edit: Wait, people leave opened ketchup outside of the fridge? What sort of bizzaro world are you from? The one adjacent to the one where people call ketchup catsup?
   473.   Posted: August 29, 2011 at 06:16 PM (#3911532)
Why would you want cold ketchup on your french fries? Blech.

Edit: Sorry, freedom fries.
   474. RB in NYC (Now Semi-Retired from BBTF) Posted: August 29, 2011 at 06:18 PM (#3911536)
I remember a number of years ago there was wall-to-wall coverage because New York ... lost power. Okay? We lose power all the time, so what...
I can't tell if this is referring to the Northeast East Blackout (the then-second largest blackout in history) or the 1977 Blackout which caused widespread looting and arson. Either one of those is a big story in any major American city, particularly the '03 Blackout.

Incidentally, if you lose power all the time, it might be time to move.
   475. RB in NYC (Now Semi-Retired from BBTF) Posted: August 29, 2011 at 06:21 PM (#3911539)
The New York City subway shut down for the first time in its history at noon Saturday. That's ridiculous on its face.
The first part of that statement is factually incorrect, to a laughable extent. (It shut down in 2005, among other times.) And given the amount of damage sustained to the MTA facilities, it was the correct decision.
   476.   Posted: August 29, 2011 at 06:22 PM (#3911542)


edit: Wait, people leave opened ketchup outside of the fridge? What sort of bizzaro world are you from? The one adjacent to the one where people call ketchup catsup?


The one where we don't refrigerate things that don't need to be refrigerated? Do you put your uncooked pasta in the fridge too?
   477. Shooty Survived the Shutdown of '14! Posted: August 29, 2011 at 06:22 PM (#3911543)
Why would you want cold ketchup on your french fries? Blech.

I don't know, man, I like ketchup!
   478. formerly dp Posted: August 29, 2011 at 06:24 PM (#3911544)
Ray can speak for himself, but no one should ever be happy with hysteria and runs on products. It allocates resources ineffectively and generally reflects poorly on us.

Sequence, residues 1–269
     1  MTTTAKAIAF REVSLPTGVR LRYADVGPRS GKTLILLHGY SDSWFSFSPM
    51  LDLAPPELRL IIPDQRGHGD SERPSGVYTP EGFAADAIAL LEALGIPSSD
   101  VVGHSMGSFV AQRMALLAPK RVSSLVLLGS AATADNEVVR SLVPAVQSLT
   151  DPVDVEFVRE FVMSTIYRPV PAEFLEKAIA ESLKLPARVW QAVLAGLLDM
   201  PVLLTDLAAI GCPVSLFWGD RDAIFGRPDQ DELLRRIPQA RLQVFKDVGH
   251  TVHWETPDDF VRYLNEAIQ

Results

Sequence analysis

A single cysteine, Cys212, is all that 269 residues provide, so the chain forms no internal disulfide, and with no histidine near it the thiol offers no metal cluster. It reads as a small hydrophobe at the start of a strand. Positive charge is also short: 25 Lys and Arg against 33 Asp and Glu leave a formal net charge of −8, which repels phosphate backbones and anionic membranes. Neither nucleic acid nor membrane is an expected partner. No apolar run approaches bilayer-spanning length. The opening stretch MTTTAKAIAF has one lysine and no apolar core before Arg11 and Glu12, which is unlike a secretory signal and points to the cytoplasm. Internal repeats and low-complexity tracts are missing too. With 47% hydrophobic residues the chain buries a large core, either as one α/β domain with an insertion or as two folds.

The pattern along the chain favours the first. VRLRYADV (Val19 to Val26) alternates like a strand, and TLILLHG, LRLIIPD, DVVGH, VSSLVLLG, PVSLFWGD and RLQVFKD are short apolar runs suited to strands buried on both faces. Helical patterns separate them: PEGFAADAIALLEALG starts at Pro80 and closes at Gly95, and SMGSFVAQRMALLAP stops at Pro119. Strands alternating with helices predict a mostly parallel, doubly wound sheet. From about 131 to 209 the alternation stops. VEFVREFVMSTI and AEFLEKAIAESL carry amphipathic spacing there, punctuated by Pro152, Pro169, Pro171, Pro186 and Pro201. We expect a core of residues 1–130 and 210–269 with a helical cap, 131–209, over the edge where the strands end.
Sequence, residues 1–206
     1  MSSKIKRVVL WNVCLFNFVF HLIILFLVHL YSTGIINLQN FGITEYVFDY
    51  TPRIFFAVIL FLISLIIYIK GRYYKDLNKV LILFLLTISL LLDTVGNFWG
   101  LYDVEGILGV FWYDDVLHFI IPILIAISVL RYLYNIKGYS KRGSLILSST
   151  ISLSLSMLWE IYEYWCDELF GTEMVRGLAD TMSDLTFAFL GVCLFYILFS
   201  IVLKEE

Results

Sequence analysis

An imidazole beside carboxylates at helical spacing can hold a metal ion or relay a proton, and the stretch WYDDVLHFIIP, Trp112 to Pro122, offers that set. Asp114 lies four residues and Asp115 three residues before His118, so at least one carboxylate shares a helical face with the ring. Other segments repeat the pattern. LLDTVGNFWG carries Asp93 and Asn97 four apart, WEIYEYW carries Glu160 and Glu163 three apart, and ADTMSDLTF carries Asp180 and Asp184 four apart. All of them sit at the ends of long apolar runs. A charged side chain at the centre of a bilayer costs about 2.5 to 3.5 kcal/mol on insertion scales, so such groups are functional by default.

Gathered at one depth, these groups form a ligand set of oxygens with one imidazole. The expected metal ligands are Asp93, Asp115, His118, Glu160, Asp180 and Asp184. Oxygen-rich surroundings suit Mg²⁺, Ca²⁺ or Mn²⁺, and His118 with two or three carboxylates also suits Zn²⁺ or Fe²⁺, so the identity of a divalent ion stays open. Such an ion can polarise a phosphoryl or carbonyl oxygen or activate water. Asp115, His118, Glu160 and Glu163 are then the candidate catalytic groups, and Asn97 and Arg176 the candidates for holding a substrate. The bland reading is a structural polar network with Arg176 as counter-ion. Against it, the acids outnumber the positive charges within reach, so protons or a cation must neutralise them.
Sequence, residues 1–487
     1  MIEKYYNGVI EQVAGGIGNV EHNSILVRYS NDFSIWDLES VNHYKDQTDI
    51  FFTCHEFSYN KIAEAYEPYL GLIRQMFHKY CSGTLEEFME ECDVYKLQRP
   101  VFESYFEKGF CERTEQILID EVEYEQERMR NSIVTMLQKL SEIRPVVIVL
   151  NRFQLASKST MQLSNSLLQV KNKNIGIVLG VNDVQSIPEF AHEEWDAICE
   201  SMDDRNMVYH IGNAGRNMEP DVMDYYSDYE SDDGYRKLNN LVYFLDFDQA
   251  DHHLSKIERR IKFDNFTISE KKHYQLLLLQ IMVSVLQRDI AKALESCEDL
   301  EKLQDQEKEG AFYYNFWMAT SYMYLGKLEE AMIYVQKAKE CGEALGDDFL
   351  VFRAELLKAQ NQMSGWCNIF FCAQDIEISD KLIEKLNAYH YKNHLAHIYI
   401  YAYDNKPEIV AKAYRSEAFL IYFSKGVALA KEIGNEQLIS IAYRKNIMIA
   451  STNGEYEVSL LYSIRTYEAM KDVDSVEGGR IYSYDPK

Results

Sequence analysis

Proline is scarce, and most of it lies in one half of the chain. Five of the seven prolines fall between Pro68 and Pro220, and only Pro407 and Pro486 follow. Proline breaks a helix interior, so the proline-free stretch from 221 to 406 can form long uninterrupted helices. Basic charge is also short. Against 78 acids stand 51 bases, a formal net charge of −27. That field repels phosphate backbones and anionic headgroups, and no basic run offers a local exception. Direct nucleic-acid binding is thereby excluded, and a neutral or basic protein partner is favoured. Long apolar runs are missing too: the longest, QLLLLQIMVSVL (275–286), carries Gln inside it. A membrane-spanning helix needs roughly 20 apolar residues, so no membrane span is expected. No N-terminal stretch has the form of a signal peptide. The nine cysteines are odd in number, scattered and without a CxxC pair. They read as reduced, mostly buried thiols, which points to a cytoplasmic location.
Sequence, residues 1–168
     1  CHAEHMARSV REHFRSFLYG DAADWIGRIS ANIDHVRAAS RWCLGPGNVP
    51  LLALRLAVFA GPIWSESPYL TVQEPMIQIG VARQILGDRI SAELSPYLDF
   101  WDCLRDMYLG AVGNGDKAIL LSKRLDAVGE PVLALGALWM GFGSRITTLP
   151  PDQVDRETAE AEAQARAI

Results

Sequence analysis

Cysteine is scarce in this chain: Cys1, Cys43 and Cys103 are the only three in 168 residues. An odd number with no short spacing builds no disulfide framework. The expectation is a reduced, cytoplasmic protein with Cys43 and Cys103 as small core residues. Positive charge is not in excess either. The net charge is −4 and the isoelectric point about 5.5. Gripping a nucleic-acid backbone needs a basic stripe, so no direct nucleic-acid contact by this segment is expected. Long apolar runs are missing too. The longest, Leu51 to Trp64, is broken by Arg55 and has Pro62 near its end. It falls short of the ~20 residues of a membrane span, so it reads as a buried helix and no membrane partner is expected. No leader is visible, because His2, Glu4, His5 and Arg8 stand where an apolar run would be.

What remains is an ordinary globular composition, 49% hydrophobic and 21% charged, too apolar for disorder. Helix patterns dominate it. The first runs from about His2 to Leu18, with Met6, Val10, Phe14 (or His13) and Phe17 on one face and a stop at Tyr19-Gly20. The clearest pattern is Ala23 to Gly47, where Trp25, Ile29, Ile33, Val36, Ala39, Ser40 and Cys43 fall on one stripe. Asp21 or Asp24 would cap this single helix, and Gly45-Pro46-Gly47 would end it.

Oh no.

Again, runs on products happened everywhere the storm was threatening. It's one of those things that happens when people get ready to deal with a hurricane. There was no bottled water to be had around here as of Thursday.

The New York City subway shut down for the first time in its history at noon Saturday. That's ridiculous on its face.

Not from what I've read. NYC really got lucky. The rest of the state didn't.
   479. Shooty Survived the Shutdown of '14! Posted: August 29, 2011 at 06:29 PM (#3911546)
The subway and PATH trains were both up and running early this morning. I think that's pretty good work on their part. I was in the office at 9 am, easy as pie.
   480. The Id of SugarBear Blanks Posted: August 29, 2011 at 06:30 PM (#3911551)
Not from what I've read. NYC really got lucky. The rest of the state didn't.

What luck? The storm turned out to be, in the immortal words of Dennis Green, "exactly what we thought" it was.

It hit NYC at the Cat 1/Tropical Storm demarcation line, as expected for days; it hit right about when and where it was projected for days to hit. I suppose it didn't linger quite as long as first projected, but there's no way that's the difference between a catastrophe and the complete nothingburger it was.
   481. The Ghost's Tryin' to Reason with Hurricane Season Posted: August 29, 2011 at 06:35 PM (#3911554)
My mom refrigerated ketchup, my wife's mom refrigerated ketchup, hence, we refrigerate ketchup.

The people who couldn't survive for 72 hours on what's lying around the house don't have much lying around the house.